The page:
Finding the Way Back, 2020.
Directed by Gavin O’Connor
Starring Ben Affleck, Al Madrigal, Janina Gavankar, Michaela Watkins, Brandon Wilson, Will Ropp, Fernando Luis Vega, Charles Lott Jr, Melvin Gregg, Ben Irving, Jeremy Radin, and John Aylward.
Jack Cunningham (Ben Affleck) was a high-school basketball phenomenon who walked away from the sport when he had the world at his feet. Years later his very future may depend on getting one last shot at redemption as the coach of his college team.
Called off the court just before it was about to be released in April, Finding the Way Back might actually benefit from the enforced layoff. In that time the wider world has discovered the drama inherent in basketball while bingeing Chicago Bulls documentary series The Last Dance. Gavin O’Connor’s reunion with his The Accountant MVP, Ben Affleck, succeeds in a similar fashion by being a sports film that’s not really about knowing your double-dribble from your dunk. Instead it’s a deeply moving showcase for Affleck to remind us what a great actor he can be.
Remember that speech in Good Will Hunting, where Affleck’s character is admonishing his brain-box best-friend for taking his abilities for granted? Well, here it’s as if Affleck is channelling that persona all these years later. He’s working construction, stuck in a routine, his own chance to excel left in the past, alongside tragedy, poor decisions, and mountains of beer cans.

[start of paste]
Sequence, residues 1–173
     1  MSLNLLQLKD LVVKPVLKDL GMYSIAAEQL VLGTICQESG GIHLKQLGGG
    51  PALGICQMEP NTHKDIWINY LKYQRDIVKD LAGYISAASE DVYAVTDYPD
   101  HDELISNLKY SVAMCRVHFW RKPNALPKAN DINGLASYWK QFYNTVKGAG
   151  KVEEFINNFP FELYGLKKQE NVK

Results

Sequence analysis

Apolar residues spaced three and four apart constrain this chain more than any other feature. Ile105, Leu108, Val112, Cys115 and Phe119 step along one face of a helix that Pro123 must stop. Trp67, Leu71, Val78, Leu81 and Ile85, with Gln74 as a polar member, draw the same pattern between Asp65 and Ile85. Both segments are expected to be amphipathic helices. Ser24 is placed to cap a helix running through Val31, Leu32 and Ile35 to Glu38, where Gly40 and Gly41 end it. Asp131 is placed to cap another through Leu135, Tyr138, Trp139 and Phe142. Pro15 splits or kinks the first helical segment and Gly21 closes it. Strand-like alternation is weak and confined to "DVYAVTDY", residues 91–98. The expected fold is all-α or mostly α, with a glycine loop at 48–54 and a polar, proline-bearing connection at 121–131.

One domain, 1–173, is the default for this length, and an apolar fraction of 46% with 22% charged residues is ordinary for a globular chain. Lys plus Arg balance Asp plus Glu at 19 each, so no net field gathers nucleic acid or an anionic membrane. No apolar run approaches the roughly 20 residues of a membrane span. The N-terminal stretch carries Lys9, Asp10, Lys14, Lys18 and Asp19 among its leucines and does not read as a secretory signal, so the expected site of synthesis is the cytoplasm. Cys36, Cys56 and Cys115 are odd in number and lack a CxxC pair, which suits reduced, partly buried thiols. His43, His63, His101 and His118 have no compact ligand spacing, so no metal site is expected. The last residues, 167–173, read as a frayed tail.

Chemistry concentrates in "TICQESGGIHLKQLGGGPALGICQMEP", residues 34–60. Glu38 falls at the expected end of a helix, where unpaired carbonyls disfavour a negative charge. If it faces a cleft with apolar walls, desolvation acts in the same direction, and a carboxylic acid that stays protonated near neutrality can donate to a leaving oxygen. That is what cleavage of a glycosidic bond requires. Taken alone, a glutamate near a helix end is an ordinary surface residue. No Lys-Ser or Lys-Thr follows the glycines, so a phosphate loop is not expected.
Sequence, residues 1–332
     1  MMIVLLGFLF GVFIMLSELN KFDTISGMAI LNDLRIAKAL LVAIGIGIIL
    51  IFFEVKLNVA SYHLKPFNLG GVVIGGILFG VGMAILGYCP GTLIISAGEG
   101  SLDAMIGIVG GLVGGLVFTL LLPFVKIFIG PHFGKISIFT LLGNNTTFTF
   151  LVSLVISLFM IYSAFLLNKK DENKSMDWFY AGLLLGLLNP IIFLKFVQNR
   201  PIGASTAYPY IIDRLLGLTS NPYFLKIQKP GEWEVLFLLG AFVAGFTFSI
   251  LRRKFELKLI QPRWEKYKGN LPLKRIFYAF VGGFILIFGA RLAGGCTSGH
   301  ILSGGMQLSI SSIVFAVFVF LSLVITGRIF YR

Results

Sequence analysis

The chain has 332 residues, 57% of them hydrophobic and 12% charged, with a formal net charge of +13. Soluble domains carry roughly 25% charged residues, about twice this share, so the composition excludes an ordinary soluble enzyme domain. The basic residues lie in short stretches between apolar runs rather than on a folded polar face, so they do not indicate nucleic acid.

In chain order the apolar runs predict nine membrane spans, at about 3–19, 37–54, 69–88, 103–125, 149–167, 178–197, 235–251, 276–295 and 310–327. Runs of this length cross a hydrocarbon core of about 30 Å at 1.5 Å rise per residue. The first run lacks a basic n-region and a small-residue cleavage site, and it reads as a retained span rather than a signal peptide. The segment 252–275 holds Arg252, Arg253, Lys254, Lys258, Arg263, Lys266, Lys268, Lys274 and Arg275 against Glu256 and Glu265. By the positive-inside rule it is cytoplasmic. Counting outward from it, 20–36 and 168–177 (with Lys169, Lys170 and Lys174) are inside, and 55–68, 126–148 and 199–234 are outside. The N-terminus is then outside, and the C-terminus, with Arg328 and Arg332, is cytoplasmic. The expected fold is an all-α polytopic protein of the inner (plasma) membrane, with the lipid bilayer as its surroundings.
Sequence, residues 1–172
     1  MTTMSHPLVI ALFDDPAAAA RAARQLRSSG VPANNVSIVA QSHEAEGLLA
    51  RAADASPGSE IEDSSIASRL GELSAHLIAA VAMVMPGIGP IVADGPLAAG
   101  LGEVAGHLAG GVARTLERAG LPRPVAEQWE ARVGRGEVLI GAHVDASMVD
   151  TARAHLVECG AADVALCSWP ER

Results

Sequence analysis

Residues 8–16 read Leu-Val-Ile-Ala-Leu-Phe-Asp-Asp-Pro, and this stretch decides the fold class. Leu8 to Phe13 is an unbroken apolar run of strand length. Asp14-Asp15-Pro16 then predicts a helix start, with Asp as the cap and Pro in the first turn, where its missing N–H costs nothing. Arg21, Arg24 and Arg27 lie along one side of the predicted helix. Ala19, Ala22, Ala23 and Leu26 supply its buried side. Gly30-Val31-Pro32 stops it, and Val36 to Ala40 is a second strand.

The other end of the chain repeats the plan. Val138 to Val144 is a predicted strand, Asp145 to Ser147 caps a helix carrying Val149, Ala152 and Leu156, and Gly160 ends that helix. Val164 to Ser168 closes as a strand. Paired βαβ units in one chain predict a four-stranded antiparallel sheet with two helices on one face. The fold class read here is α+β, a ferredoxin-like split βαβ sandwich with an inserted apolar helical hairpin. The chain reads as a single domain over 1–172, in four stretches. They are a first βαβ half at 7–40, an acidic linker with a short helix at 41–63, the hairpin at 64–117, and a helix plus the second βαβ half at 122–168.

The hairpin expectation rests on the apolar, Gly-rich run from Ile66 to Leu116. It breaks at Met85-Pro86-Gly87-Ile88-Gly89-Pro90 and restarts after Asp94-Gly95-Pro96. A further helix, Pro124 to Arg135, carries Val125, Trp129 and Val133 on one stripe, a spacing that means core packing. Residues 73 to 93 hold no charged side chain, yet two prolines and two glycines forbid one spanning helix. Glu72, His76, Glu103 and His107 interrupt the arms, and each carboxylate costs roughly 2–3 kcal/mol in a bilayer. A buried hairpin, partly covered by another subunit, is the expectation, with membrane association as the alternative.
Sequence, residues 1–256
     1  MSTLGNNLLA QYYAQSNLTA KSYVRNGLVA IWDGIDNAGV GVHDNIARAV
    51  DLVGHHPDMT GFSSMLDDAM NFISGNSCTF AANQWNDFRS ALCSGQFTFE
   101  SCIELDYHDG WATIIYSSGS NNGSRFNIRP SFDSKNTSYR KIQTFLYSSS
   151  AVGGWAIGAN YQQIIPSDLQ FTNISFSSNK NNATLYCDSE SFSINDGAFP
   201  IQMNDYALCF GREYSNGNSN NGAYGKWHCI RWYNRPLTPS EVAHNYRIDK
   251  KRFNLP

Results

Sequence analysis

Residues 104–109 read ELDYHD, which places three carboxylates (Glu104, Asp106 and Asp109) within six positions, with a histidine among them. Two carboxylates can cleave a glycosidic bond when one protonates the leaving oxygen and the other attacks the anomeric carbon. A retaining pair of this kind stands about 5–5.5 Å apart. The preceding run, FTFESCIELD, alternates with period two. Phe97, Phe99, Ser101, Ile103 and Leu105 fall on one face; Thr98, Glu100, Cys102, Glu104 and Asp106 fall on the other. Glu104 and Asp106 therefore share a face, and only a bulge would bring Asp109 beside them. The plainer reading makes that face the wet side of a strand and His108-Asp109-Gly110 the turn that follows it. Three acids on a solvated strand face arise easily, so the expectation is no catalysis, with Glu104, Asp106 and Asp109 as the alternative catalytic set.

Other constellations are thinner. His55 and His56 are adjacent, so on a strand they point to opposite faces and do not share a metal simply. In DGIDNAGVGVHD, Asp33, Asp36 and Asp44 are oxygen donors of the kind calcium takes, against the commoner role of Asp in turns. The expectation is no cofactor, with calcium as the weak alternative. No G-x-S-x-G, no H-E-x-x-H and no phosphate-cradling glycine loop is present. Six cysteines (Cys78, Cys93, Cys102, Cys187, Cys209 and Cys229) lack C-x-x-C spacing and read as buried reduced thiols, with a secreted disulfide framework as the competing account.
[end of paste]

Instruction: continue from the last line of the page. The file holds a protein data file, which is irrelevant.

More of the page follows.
It’s an incredibly raw performance from Affleck, one clearly drawing parallels with his own struggles. He’s an actor with a real knack for using a passive everyman routine to conceal the pain simmering beneath his giant frame. It’s a juxtaposition that works really well here. Moments in which his brittle vulnerability are exposed hit the hardest; drunkenly laughing as he manages to get to his feet in the bar, his confession that he “never stopped being angry”, or a final reel conversation with his estranged partner, all cause a little bit of ache in the heart.
His performance is heightened by the way O’Connor frames the film. He almost shoots his leading man like a vampire, accentuating the beautiful but harsh shards of light that bounce around the edges of buildings and over the skyline, forcing Affleck into the shadows, as if pained by being exposed to them, before the temptations of nightfall lead him to the bottle.
Rob Simonsen’s score also does a lot of the emotional heavy lifting to compliment the drama; a piano laden swoon through melancholy and sadness that’s among the very best of the year.
As for the basketball element of Finding the Way Back, it’s a familiar list of plot beats from Dangerous Minds through to Friday Night Lights, but that doesn’t mean O’Connor doesn’t execute the plays effectively. The match footage is kept to a minimum, largely reduced to montage, but there’s still enough stoppage time to have a few goosebump inducing “sweep the leg” moments with a team largely made up of recognisable against-the-odds archetypes.
A little like watching a re-run of one of your favourite events on a vintage sports channel, there’s not a lot that’s new in Finding Your Way Back, but with an awards-worthy, thoroughly authentic turn from Affleck, and a big beating heart to be mined from the drama, it’s an undeniable triumph.
Flickering Myth Rating – Film ★ ★ ★ / Movie ★ ★ ★ ★
Matt Rodgers – Follow me on Twitter @mainstreammatt